I wouldn't call myself a foodie, but it's hard not to come close when you live in San Francisco. You can find unique, high quality noms made with local organic ingredients pretty much anywhere, even on wheels. Off the Grid is a roaming food court in which all the best gourmet food trucks in the city gather so you can try a little bit of everything. They come to my hood in the Upper Haight every Thursday, but you'll find more trucks and more people at Fort Mason on Friday nights. Here, of course, you get both beautiful bay views and gale force wind. But when you're huddled in a crowd of people eating their way into a food coma, you hardly notice the chill.

I popped over for my first visit and tried the expertly done Asian Asada from Kung Fu Tacos, and Brass Knuckle ("stylish street food" including menu items such as Lamb Halen, Notorious P.I.G. and Fryin' Maiden). What I had to share with you, though, was the cupcake. (Well, I couldn't share the actual cupcake with you, unfortunately. And I probably wouldn't have, anyway.) Cupkates Bakery runs the Bay Area's first cupcake truck, and oh my god can we talk about genius? The Salted Caramel is pictured above, and look how red that Red Velvet is peaking into the frame. It was, in a word, divine.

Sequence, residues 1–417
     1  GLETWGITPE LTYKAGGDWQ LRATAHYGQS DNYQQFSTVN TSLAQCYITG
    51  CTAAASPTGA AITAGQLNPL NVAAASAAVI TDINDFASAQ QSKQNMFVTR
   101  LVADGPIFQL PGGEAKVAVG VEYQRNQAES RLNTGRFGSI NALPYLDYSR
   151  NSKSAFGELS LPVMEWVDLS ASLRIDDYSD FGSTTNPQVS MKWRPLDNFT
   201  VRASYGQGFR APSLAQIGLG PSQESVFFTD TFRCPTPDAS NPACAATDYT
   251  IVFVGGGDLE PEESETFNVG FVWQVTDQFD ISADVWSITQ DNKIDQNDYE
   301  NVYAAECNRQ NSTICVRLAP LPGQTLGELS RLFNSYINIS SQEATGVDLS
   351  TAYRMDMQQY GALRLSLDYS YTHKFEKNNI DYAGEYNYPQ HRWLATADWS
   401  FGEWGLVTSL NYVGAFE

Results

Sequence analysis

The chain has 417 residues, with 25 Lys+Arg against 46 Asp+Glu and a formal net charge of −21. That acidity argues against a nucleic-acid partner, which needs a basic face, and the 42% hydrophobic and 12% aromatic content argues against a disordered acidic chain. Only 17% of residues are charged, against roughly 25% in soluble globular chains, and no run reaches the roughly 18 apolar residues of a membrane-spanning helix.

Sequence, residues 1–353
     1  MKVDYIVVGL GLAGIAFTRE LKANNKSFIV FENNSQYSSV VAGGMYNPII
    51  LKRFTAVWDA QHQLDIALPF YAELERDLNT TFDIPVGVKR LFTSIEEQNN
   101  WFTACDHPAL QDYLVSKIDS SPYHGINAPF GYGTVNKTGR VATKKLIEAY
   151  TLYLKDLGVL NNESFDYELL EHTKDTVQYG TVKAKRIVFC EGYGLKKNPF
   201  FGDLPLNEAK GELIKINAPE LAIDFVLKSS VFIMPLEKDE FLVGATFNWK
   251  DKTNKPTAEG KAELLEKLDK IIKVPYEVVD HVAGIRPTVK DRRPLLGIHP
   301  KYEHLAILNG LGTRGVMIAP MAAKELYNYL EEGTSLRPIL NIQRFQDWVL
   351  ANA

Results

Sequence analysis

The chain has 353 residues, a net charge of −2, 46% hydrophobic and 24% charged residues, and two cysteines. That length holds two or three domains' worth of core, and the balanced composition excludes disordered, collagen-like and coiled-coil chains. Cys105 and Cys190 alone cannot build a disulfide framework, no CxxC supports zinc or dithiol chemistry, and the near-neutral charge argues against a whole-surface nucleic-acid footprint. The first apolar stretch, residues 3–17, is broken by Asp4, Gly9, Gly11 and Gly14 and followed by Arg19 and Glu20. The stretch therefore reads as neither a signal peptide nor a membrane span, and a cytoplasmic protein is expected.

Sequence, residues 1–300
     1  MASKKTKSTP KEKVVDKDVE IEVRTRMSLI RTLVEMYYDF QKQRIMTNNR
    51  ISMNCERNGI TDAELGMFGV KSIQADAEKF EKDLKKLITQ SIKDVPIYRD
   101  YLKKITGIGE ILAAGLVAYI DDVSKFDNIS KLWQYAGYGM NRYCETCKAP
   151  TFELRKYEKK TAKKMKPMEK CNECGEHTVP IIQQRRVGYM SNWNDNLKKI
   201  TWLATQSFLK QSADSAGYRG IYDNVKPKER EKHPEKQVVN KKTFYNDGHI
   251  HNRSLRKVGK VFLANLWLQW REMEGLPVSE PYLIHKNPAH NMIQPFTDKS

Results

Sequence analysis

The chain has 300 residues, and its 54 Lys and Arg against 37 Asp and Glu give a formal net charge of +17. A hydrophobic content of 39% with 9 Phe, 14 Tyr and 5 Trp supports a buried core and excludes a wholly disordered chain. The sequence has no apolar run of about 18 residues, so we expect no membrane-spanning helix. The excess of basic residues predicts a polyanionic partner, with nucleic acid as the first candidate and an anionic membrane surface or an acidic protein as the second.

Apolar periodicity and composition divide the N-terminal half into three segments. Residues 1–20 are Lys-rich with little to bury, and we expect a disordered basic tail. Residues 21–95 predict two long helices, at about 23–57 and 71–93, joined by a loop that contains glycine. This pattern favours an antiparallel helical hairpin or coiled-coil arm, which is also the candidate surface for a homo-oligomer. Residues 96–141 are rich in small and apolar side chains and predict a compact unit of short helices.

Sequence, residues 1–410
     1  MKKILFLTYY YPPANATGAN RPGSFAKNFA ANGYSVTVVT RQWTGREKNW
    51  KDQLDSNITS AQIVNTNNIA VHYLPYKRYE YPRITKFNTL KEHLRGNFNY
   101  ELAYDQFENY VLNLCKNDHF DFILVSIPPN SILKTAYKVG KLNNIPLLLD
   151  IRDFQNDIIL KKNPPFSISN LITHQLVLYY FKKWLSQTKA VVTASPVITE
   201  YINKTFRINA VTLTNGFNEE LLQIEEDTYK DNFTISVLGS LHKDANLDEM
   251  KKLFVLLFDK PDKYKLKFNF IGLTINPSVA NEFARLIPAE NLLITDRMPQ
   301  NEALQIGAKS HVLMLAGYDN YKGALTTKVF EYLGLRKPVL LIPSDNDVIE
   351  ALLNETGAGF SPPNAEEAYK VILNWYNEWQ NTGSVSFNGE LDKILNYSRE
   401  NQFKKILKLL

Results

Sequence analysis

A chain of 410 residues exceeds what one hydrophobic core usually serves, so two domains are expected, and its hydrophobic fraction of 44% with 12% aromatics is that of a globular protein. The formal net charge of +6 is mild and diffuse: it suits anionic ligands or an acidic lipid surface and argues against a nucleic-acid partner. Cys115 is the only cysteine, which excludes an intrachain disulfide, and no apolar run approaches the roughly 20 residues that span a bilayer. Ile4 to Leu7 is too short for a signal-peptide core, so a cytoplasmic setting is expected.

And speaking of the ethereal the spiritual the up above this world, tonight I'm going to see Florence + the Machine at the Greek Theater in Berkeley, and from what I've heard about her live show, I am not emotionally prepared. I mean, listen: 

Happy Sunday, cupcakes.


Severed heads, etc.

You know how there are some things you just can't tell your parents? Like when a fatal shooting happens just two blocks from your house? That is, two blocks from my house. On Tuesday.

I didn't hear the shots, but I saw the crime scene. Medical examiner van, a fleet of cop cars, investigators in suits standing around everywhere. The whole block wrapped in caution tape. Just when we thought we were safe. Mom? Dad? Are you reading this? (Here's where we find out if my parents actually follow my blog.)